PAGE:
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Unformatted text preview: in pocket calculators,
wrist watches and the alpha-numeric output displays of many instruments; they are also used in infrared-emitting diodes,
injection lasers, infrared detectors, photocathodes and photomultiplier tubes. An extremely elegant chemical solid-state
technology has evolved in which crystals of the required properties are deposited, etched and modified to form the
appropriate electrical circuits. The ternary system GaAsi -xP.r now dominates theZED market for a-numeric and graphic
displays following the first report of this activity in 1961. GaAsl,P, is grown epitaxially on a single-crystal substrate of
GaAs or GaP by chemical vapour deposition and crystal wafers as large as 20cmZ have been produced commercially. The
colour of the emitted radiation is determined by the energy band gap E,; for GaAs itself E, is 138kl mol-' corresponding
to an infrared emission (A 870 nm), but this increases to 184k.I mol-' for x -0.4 corresponding to red emission (A 650 nm).
For x > 0.4 E, continues to increase until it is 218kJmol-' for GaP (green, A. 550nm). Commercial yellow and green
LEDs contain the added isoelectronic impurity N to improve the conversion efficiency. A schematic cross-section of
a typical GaAsl-,P, epitaxial wafer doped with Te and N is shown in the diagram: Te (which has one more valence
electron per atom than As or P) is the most widely used dopant to give n-type impurities in this system at concentrations
of 1016-10i8atoms cm-3 (0.5-50ppm). The p-n junction is then formed by diffusing Zn (1 less electron than Ga) into
the crystal to a similar concentration. An even more recent application is the construction of semiconductor lasers. In normal optical lasers light is absorbed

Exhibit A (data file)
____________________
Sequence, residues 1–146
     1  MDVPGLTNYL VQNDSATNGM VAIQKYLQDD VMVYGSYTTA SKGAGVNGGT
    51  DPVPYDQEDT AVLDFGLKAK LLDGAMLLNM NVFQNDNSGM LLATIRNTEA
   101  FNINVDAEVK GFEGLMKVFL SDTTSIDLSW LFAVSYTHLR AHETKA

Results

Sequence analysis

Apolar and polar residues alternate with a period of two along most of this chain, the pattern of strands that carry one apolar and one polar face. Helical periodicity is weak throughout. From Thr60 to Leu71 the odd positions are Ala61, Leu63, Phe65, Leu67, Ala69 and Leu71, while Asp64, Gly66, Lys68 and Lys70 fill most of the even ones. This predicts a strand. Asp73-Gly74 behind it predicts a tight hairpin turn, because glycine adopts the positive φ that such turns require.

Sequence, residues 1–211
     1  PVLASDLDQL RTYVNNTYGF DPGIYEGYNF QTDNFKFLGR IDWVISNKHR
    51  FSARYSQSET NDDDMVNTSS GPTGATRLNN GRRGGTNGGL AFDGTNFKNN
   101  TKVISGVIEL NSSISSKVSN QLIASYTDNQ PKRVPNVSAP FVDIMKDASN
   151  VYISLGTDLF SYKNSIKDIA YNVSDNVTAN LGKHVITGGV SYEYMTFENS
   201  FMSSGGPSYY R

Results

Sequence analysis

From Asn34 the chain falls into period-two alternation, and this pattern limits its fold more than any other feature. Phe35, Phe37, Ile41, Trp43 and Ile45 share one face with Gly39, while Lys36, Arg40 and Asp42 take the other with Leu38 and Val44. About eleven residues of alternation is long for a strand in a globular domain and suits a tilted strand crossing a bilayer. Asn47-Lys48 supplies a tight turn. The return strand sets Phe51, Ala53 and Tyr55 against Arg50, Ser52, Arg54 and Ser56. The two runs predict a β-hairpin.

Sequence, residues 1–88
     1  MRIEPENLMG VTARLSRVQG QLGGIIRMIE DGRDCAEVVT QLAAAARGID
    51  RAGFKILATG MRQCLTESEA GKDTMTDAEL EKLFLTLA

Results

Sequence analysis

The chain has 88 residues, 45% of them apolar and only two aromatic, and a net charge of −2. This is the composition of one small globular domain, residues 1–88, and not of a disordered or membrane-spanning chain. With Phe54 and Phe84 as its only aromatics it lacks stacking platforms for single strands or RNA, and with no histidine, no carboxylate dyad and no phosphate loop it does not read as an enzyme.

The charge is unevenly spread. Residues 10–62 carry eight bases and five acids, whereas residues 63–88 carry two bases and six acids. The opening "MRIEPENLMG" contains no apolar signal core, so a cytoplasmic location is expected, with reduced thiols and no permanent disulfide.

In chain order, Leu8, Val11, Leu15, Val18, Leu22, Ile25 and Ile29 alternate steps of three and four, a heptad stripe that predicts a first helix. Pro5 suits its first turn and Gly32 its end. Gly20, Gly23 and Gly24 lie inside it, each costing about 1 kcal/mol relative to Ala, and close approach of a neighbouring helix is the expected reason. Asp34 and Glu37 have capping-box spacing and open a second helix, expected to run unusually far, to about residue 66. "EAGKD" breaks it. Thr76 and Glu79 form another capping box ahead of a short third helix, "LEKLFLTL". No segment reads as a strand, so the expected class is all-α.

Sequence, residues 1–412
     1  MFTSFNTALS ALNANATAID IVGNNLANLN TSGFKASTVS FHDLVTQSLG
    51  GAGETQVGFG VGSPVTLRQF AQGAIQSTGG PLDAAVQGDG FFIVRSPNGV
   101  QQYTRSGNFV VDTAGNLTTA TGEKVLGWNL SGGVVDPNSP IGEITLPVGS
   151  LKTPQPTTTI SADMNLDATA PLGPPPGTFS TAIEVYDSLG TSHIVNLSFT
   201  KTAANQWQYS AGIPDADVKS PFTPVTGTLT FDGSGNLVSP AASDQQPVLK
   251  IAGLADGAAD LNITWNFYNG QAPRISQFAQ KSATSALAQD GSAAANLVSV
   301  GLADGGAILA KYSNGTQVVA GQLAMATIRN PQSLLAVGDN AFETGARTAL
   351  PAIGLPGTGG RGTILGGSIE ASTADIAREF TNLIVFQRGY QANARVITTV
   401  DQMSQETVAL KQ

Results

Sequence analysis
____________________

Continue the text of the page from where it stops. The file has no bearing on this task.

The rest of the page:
by an electronic transition to a broad band which lies above the upper laser level and the electron then drops into this level
by a non-radiative transition. By contrast the radiation in a semiconductor laser originates in the region of a p-n junction
and is due to the transitions of injected electrons and holes between the low-lying levels of the conduction band and
the uppermost levels of the valence band. (Impurity levels may also be involved.) The efficiency of these semiconductor
injection lasers is very much higher than those of optically pumped lasers and the devices are much smaller; they are also
easily adaptable to modulation. As implied by the band gaps on p. 255, emission wavelengths are in the visible and near
infrared. A heterostructure laser based on the system GaAs-Al,Gai_,As was the first junction laser to run continuously
at 3 000K and above (1970).
In the two types of device just considered, namely light emitting diodes and injection lasers, electrical energy is
converted into optical energy. The reverse process of converting optical energy into electrical energy (photoconductivity
and photovoltaic effects) has also been successfully achieved by 111-V semiconductor systems. For example, the small
band-gap compound InSb is valuable as a photoconductive infrared detector, and several compounds are being actively
studied for use in solar cells to convert sunlight into useful sources of electrical power. Th...
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